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Cancer-friendly recipes: garlic, lycopene, Resveratrol


My father was just diagnosed with cancer. He needs to put on some weight and the doctors suggested a diet high in garlic, lycopene, Resveratrol. So they're having pasta with tomato sauce and chianti for dinner tonight.

Have any other recipes/menus to recommend? Ideally easy recipes and perhaps even ones that can be made in large quantities and frozen.


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  1. Did they advise you this out of the blue, or did you ask them what cancer-fighting foods you could feed your father? While these foods have been shown, when eaten in very large quantities, to reduce the frequency of cancer in a population (sometimes a population of mice or other lab animals, not people), I don't think there's any data showing that these are helpful for an individual who already has cancer. Feed him healthy food that he finds tasty, and don't worry about the rest of it.

    -GilaB, MPH in molecular epidemiology

    1. best keep up mega dosages of foods hi in anti-oxidants. leafy veg, the greener the better. do a whole bunch of dressings and have him sample them all and rotate his favorites.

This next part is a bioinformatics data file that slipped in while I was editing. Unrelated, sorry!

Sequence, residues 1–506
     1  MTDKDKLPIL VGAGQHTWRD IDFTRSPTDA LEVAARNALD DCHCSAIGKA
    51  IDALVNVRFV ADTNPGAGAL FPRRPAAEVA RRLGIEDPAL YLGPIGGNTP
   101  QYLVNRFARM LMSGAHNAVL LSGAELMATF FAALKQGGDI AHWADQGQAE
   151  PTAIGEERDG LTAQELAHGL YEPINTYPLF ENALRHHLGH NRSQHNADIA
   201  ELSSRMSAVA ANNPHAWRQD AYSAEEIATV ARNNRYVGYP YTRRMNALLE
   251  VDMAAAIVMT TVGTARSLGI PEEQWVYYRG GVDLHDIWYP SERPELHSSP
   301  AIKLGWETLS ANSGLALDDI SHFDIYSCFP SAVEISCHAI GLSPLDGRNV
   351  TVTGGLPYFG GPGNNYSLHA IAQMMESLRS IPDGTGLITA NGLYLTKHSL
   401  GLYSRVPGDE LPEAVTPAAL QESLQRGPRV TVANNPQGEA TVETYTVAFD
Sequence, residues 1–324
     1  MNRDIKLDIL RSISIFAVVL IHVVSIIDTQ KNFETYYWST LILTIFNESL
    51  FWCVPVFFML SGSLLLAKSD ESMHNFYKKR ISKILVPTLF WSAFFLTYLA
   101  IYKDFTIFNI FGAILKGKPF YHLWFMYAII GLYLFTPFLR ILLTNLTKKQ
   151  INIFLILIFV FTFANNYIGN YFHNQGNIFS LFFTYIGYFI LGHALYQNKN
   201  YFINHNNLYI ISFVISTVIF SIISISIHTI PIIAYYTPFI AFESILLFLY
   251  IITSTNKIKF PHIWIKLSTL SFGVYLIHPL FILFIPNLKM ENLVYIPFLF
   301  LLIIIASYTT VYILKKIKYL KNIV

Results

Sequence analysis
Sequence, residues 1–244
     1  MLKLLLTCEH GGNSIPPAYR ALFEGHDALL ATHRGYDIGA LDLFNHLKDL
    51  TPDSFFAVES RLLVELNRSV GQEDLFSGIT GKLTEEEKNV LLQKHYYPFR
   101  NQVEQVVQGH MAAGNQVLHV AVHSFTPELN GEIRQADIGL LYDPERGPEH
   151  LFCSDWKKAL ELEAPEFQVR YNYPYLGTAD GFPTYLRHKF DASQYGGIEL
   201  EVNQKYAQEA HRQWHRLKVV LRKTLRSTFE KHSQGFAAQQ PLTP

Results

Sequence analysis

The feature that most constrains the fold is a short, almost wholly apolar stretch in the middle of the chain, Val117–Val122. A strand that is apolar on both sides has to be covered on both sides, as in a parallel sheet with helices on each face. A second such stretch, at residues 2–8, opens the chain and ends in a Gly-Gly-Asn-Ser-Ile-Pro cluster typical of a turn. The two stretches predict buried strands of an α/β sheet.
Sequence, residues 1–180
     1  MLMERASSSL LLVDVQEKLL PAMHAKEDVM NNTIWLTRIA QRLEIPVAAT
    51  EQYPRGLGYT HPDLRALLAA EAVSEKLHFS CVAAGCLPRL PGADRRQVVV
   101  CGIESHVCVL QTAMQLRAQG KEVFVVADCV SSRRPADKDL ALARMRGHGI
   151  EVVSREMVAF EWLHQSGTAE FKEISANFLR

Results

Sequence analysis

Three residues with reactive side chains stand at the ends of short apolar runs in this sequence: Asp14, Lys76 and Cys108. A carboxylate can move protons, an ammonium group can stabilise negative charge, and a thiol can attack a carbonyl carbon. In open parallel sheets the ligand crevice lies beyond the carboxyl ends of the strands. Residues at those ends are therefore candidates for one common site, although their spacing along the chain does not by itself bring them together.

there's also some research about natural citric acid being helpful but results are inconclusive - yet it wouldn't cause any harm to buy citrus fruit in bulk and juice them for your dad. if he could substitute half his liquid intake with fresh citrus (great diuretic), his body can easier rid itself of waste and hopefully heal faster.

      you can also look into homeopathic therapies. there are sworn testimonials from the macro-biotic crowd that their cancers went into remission after adhering to their prescribed diets.

      good luck to you and your father.

      1 Reply
      1. re: epabella

        anti-oxidants are contra indicated if one is in chemotherapy as they disrupt the chemo as well as the cancer. Don't stay completely clear but don't go out of your way to dose or mega dose it

      2. I agree with some of the other posts; if they want your father to gain weight, feed him whatever he wants. Some people with cancer find that their taste buds change so you might have to keep at it with trial & error until you find things that he likes, which might change from day to day, but as long as he eats, that's the important thing. Best of luck to your father.

        1. That's interesting advice, because, as the other posters said, while there is some evidence that those things might prevent cancer, there isn't any evidence they'll "cure" cancer. What's more, before your father goes eating a lot of any one nutrient or antioxidant (and before he takes ANY supplements), he should check in w/the docs - depending on his treatment, they can interact with his meds in bad ways.

          That said, and speaking as a cancer survivor (lucky 8 years this month) who's done a ton of research on this stuff, once again, moderation is key. Your dad should be enjoying himself as much as possible right now - this is a blow to body and mind - and so if there are foods he loves, he should be eating those! Pretty much the same things goes as for the general population's good health - lots of fruits and vegetables, not as much meat, grilled meats might increase risk as do cured meats (and those treated with nitrates/nitrites are bad news.